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Attachment Vs. Enclosure for a Business Letter

  Reviewed by: Michelle Seidel, B.Sc., LL.B., MBA
  Written by: Angelique de la Morreaux      Updated November 28, 2018
Businesswoman reads through client paperwork

Although the words attachment and enclosure often are used interchangeably in business letters, they represent different methods of including items. In the strictest sense, an attachment is considered to be part of the letter while an enclosure is treated as a separate document. For some organizations, such as the government, the use for each is delineated by the correspondence sent, while for others either use is acceptable.

Adding an Attachment

An attachment is a document that is part of the business letter. It adds or further describes the information within the letter. Some examples include a spreadsheet that provides a visual explanation of financial billing or forecasts, a chart that gives a graphic view of the business trends or a budget. When sending an attachment, include the word, “Attachment” on the bottom left side of the letter with a semi-colon and the number of the attachment. You should also mention in the body of the letter that an item is attached (or multiple items are attached) that enhance or further explain information in the letter .

Including an Enclosure

An enclosure is a document that is in addition to the business letter. It can stand alone as its own document and does not require the business letter to explain what the document is or how to interpret it. When sending an enclosure in a business letter, place the letters “Enc” with a semi-colon or write the word “Enclosure” at the bottom of the letter on the left-hand side. Then put the name of the document. This alerts the reader that a second document is included in the correspondence. One example of a document that's appropriate for an enclosure is a resume included with a cover letter. The resume is separate from the letter and easily stands alone.

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Attachments in Email

In some situations, there is no method available to differentiate between an attachment and an enclosure. One of these situations occurs when you are sending a business letter by email. Because there is no enclosure option given, and email is a form of electronic transmission, all documents sent by email become an attachment. The attachment is added to the email as a downloadable item that is sent with the body of the email.

Federal Government Usage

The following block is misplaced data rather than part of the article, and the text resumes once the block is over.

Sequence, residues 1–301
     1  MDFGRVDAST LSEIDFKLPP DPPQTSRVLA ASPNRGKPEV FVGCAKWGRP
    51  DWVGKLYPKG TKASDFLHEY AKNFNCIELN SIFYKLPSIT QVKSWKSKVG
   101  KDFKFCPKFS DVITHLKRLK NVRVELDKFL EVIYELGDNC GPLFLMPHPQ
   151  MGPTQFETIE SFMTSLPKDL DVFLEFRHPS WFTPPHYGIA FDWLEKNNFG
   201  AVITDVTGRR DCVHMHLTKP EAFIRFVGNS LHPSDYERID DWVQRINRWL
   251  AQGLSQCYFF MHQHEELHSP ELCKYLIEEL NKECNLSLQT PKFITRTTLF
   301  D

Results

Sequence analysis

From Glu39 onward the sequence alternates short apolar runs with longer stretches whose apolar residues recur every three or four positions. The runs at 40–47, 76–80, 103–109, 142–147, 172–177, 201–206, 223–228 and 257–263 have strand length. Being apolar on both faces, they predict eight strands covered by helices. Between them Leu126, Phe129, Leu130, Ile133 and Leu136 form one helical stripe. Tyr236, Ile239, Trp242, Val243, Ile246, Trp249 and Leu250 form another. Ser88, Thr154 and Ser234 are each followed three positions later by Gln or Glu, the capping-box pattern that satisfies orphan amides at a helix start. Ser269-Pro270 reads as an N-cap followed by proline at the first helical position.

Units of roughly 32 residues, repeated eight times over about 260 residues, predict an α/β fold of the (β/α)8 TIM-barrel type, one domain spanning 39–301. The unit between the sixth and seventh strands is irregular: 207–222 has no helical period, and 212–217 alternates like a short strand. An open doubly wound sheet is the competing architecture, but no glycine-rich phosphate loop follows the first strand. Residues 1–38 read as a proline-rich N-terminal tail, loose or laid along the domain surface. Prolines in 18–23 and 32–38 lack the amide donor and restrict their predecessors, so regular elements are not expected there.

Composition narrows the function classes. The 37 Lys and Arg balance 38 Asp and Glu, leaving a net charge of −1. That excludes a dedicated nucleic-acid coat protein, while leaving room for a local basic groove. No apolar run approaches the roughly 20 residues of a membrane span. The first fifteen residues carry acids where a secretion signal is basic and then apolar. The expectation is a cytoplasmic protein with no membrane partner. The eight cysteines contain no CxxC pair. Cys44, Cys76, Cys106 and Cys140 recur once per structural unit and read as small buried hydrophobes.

There may be rules in place for the use of attachments and enclosures in certain federal government branches. For example, in their correspondence handbook the U.S. Geological Survey describes how to handle an attachment and an enclosure when sending correspondence to them. According to their handbook, you send an item as an attachment when the correspondence is a memo, while if it is a letter you should use the word enclosure for additional documents. In either case, type "Enclosure" or "Attachment" two lines below the signature block. Doing this tells the reader to look for the enclosures or attachments. If they are missing, ask to have them sent because they were intended to be sent with the letter or memo.

If there is more than one attachment or enclosure, indicate how many such as "2 Enclosures" or "3 Attachments." If either is not identified in the text, use a colon after the word, followed by the document's title or explanation on the next line. For example: "Enclosure:" (next line) indent two spaces and add "Resume of John Q. Adams" without ending punctuation. When there are multiple enclosures or attachments that aren't mentioned in the text, title or describe each on a separate line. For example: 2 Attachments: (next line) indent two spaces and type: "Resume of John Q. Adams" (next line) indent two spaces and type: List of Awards and Achievements" with no ending punctuation.

About the Author

Angelique de la Morreaux began writing articles for various websites in 2010. Her focus is in the legal, small business, beauty, holiday, culture, food, drinks and automotive categories. Morreaux holds a Bachelor of Arts in social sciences from San Diego State University.

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